Prof. Philippe Debeer, an Orthopaedic Surgeon specialized in upper extremities and shoulder at UZ Leuven, Belgium

Prof. Debeer and his team conducted a study on 10 patients in which the new Glenius system was used. Five medical centers were involved. The clinical results were variable but with good pain relief, says Prof. Debeer, and all patients were satisfied. 80% of patients reported much better results than after their previous surgeries.

Only two complications were reported. Small differences were noticed between pre-op and post-operative positioning of the implant.

What does literature have to say about personalized glenoid components? Not that much, shared Prof. Debeer. He listed four articles he found online:

  • Gunther MD, 2012: A polyethylene inset glenoid component was used. There was good clinical outcome with significant improvement of mobility. The problem with this implant, said. Prof. Debeer, is that it’s not suitable with larger defect.
  • Stoffelen, 2015: The case was of a total shoulder arthroplasty revision with a loose glenoid component. There were good results after 2 years.
  • Chammaa (2017): 37 patients were evaluated for 5 years. There was a decrease in pain, but 16% revision rate.
  • Ivan de Martino (April 2018): 2 cases with Zimmer Biomet component reported a satisfactory outcome.

The conclusion according to Prof. Debeer is that in selected cases with large glenoid defects, the Glenius solution is a good option. Short-term results are satisfactory, but we still need to wait for the long-term efficacy of the system, said Prof. Debeer, as well as for the result of bone ingrowth in the prosthesis. As for signs of radiographic loosening, Prof. Debeer said that his longest follow-up period was 4 ½ years after surgery, and there was no loosening whatsoever. Bone ingrowth was still uncertain however.

A final question was brought up regarding the price and cost-effectiveness of the system. Although the cases they worked on were approved, said Prof. Debeer, cost remains a problem. And as reimbursement will probably stop, the problem may increase.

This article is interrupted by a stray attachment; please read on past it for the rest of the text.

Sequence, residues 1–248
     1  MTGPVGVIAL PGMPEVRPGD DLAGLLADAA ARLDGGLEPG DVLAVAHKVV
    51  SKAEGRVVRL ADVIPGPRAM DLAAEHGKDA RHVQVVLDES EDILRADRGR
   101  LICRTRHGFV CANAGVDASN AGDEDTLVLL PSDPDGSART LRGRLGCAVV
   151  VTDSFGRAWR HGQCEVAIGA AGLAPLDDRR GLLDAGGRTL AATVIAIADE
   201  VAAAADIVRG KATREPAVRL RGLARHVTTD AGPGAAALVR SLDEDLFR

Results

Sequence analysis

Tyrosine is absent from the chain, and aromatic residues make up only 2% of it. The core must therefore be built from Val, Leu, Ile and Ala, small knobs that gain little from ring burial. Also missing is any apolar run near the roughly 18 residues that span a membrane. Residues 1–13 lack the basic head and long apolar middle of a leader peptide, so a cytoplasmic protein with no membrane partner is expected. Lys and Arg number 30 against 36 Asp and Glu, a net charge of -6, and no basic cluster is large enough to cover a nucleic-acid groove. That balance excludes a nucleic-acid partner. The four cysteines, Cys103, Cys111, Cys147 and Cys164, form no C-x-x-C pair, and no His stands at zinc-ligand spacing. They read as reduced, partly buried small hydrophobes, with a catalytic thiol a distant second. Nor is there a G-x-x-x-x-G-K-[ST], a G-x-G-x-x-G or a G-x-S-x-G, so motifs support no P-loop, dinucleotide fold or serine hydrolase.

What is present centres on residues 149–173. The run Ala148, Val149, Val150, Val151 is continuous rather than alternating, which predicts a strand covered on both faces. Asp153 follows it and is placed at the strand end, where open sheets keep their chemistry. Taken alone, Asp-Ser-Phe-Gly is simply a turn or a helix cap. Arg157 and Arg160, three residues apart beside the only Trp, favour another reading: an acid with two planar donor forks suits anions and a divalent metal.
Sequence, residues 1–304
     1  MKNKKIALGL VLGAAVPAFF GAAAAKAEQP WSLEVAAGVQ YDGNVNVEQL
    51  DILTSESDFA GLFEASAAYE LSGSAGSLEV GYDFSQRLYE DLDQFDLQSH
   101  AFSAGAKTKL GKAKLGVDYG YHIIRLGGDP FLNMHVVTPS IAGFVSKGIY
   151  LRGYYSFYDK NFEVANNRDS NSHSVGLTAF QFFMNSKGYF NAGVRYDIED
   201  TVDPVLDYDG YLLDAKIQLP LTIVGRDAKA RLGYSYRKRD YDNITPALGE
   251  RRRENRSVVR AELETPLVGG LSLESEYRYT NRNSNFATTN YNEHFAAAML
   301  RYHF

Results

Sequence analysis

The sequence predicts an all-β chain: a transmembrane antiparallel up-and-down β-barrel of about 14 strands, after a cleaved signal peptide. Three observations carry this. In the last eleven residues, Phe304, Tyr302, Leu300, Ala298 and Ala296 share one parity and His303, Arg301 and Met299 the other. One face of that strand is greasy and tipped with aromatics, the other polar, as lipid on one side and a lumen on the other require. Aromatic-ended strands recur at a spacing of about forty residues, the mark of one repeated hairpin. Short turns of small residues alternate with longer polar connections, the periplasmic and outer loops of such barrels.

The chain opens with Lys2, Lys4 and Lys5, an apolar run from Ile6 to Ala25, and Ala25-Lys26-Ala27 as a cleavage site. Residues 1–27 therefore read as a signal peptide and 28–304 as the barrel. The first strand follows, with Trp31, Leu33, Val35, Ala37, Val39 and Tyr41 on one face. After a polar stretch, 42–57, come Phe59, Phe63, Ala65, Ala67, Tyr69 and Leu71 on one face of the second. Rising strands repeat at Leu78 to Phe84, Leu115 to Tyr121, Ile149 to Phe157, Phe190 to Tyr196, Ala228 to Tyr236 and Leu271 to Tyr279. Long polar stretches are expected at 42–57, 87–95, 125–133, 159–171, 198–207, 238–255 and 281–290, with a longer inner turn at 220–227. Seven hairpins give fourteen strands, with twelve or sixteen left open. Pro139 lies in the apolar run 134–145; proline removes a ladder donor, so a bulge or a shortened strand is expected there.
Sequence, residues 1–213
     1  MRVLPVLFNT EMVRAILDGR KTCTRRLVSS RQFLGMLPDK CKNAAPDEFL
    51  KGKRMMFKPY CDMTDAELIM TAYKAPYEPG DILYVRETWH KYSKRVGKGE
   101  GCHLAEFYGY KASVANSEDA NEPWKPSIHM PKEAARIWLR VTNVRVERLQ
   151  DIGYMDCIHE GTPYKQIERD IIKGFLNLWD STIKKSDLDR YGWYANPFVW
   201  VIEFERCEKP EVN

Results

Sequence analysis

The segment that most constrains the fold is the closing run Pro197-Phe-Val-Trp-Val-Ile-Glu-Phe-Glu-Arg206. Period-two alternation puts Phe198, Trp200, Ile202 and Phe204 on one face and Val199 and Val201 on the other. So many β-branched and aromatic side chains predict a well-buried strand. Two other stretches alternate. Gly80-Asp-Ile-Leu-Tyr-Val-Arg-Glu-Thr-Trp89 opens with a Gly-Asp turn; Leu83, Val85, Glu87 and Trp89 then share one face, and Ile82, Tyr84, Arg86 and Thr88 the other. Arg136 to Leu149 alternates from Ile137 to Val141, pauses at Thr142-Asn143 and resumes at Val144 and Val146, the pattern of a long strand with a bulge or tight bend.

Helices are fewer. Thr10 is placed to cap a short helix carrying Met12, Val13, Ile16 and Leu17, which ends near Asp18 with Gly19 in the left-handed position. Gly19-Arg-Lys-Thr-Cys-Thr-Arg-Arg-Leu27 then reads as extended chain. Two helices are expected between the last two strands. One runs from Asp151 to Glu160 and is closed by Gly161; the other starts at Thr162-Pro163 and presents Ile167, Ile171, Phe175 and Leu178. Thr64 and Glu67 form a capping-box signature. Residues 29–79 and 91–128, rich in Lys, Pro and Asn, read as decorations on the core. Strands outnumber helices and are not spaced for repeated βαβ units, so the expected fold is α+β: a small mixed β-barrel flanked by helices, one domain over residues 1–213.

Take a look at the clinical data summary for Glenius here

Gert Van den Bogaert

Two-stage shoulder revision with personalized glenoid implant

There are four main causes of glenoid bone loss in revision, began Dr. Van Den Bogart. Subsidence, poly wear, metal wear, and infection. There are two current techniques to address these problems.

The first is bone grafting, which is difficult. In two recently published articles, the results showed that 1 out of 4 glenoid bone grafting had to be revised after 5 years. This method can lead to high revision rates, uncertain fixation, unpredictable offset, version, and inclination of the implant, and more.

Dr. Van Den Bogaert speaking at Orthopaedica Belgica
Dr. Gert Van den Bogaert, and Orthopaedic Surgeon specialized in shoulder and knee pathologies at AZ Elisabeth Ziekenhuis Herentals, Belgium.

The second technique is using off-the-shelf metal augment implants, more suitable for primary defects. However, this technique is also not optimal. The implant does not fit perfectly on defected area, there is little control over the positioning of the implant itself, and of the screws.

Dr. Van den Bogaert then explained the two-stage revision with a personalized implant. The first stage begins with explantating the previous prosthesis, taking biopsies to check for infection, retaining the humeral stem and placing in a cemented spacer ball.

The team then performs a CT-based analysis of the glenoid defect, creates a personalized base plate, and plans the positioning of the screws. In the second stage of the surgery, which occurs approximately six weeks later, the implantation and fixation of the prosthesis occur. This entails the adaptation of the new glenoid sphere to the existing humeral stem or revising the stem.

Dr. Van den Bogaert talked about two cases in which this approach was applied and compared the results with those of existing techniques. Bone grafting fails to control offset, version, inclination, stability and ingrowth and standard metal augments do not fit the defect, he said.

He concluded that the new personalized implant fits the defect closely with correct native offset, version and inclination. Inserting and fixing the screws more precisely allowed good stability.

Glenius is not commercially available in the US and Canada.